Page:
This is not a final thought, but, the flak over statements made by his pastor seems over the top. Obama is responsible for his response to statements made by his supporters and even by his pastor. Obama needs to be honest and transparent in his statements about what he does (did) and does not (did not) know or hear. He should be able to explain his decision to remain a member of that church as that reflects his judgement. But, he is not responsible for the statements themselves.

I could change my mind -- actually, I probably won't change my mind on the basic statements above but I retain the option to become more critical of Obama's response to Rev. Wright's statements. :)

OK, that's more thinking than I usually do while running. It was a good, easy run this morning. Good temperature -- 41-42° when I left and 38° when I finished -- shorts, long-sleeved shirt, light gloves, and my Balega Trail Buster socks were just right.

Run well, y'all,

15 March 2008

Ashland 10K Railroad Run

The YMCA 10K training group suggested that participants run the Ashland 10K Railroad Run today as a training run for the Richmond 10K in 3 weeks. Sounded good, so I signed up.

I must have signed up early because I had bib #12. I decided to treat this run as a tempo run. My tempo run was originally scheduled for this past Wednesday but jet lag from the South Africa trip has really hit me this time. The plan this week called for a 7 miler: 1 mile warm-up, 5 miles X 7:40, and 1 mile cool down. So, I figured I'd aim for about 8:15 for the first mile, then do the last 5.2 miles at roughly 7:40. That would be just over 48:00 for the 10K -- a really good warm-up.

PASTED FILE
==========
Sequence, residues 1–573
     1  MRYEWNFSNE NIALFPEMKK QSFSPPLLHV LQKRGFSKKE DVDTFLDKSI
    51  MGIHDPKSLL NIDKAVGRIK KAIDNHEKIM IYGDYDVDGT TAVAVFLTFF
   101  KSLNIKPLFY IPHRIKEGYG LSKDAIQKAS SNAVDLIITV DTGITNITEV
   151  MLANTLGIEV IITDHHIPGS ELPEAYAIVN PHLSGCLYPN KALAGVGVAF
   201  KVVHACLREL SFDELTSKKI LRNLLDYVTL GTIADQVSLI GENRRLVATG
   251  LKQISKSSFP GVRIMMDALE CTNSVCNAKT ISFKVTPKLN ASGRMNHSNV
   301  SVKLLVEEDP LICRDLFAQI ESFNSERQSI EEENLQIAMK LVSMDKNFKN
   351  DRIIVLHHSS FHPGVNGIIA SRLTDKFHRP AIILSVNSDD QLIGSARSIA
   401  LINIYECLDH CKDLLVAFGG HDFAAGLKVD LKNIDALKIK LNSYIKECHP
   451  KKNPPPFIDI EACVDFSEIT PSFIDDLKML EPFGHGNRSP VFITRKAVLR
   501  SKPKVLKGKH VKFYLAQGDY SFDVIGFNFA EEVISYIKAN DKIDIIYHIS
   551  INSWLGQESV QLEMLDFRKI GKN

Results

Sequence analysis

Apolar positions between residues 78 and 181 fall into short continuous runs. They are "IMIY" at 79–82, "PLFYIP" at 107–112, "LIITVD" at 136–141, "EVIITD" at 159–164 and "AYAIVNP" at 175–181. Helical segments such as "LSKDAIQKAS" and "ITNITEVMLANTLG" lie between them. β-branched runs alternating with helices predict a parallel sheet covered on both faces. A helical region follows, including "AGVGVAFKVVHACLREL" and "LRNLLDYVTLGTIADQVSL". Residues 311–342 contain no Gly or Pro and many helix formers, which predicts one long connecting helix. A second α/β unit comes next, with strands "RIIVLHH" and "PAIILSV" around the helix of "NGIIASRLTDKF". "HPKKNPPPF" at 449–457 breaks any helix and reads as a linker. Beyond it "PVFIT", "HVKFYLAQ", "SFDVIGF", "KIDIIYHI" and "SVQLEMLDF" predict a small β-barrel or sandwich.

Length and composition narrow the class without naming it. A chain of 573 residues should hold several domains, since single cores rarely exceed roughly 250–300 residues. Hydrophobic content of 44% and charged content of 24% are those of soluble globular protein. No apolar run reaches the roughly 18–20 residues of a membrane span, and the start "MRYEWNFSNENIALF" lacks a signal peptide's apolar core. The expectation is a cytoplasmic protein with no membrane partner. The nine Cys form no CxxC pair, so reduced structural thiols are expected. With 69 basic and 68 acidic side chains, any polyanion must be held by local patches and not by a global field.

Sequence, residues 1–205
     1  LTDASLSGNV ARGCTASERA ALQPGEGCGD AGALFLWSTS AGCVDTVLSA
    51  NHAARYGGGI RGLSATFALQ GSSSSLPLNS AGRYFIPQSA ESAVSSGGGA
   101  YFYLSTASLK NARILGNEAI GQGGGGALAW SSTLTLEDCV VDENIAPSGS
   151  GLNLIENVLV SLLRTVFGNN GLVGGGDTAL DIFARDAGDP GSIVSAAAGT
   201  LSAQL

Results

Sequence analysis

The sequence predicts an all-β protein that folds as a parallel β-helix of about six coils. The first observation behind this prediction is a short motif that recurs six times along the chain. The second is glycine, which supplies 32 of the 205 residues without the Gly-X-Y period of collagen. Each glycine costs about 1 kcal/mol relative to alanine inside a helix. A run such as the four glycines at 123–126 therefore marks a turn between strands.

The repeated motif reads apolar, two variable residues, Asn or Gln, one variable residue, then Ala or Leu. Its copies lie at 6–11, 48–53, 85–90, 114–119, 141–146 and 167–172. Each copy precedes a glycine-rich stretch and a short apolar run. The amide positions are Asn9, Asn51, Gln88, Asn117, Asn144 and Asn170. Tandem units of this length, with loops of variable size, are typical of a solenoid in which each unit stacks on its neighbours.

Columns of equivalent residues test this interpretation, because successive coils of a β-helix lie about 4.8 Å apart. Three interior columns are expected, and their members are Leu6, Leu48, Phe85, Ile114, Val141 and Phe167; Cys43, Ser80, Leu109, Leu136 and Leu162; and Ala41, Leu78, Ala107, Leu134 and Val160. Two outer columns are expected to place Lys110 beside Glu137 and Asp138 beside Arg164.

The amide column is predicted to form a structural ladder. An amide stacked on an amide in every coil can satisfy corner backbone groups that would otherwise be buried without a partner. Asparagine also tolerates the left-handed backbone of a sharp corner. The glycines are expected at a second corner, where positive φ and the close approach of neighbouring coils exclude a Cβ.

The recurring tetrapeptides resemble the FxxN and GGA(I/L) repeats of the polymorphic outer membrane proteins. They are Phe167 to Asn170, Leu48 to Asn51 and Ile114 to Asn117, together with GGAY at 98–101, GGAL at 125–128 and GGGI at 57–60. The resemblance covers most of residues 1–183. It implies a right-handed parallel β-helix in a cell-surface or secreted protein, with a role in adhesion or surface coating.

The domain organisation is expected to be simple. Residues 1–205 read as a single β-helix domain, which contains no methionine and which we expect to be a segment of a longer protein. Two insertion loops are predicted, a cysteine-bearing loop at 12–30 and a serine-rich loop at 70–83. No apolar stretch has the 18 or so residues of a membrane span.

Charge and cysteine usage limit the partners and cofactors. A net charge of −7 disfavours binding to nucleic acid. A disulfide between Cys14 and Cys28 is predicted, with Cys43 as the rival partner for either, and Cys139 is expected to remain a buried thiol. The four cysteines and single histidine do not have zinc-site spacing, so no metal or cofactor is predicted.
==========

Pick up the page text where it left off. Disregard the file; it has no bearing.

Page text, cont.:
Ashland is a smallish town north of Richmond. Around here, they have a reputation for running good races. This was no exception. There were about 338 participants in the 10K. The weather was perfect -- a cool 48-50° at the start. Cool enough to be chilly in a short-sleeved running shirt waiting for the race to begin but great once we started. The course was pretty flat (my plot is off -- I missed both the start and finish spots) -- I don't think the variation was more than about 20'.

We got off at 9AM and I held back to an easy pace. It's hard to get passed by so many folks. I didn't see the 1 mile marker but at about 8:20, picked up the pace. It felt really good, almost too good. I hit the 2 mile mark at 14:55. Mile 3 passed at 22:something; Mile 4 at 29:something. At mile 4, we were on a downhill and I knew we were going to have to come back up that hill. Still felt really good. The turn-around point came at the top of a hill. I hit mile 5 going uphill at 36:37 and was beginning to feel tired. Just before mile 6, one of the course officials said there was only 1/4 mile remaining (OK, I can hold this pace that long). Mile 6 passed at 44:00 and I realized I was not only going to beat my 48:00 target but I was going to beat my 47:00 goal time for the Richmond 10K and, unless I passed out, was going to actually break 46:00. There was one person in front of me that I had a chance of passing by the finish so I picked it up a bit -- might as well leave it all on the road (in the end, I thought I was going to leave it all in the bushes). I crossed the finish at 45:29 -- 45th out of 338 and 4th in my age group (50-54). I'm still in shock.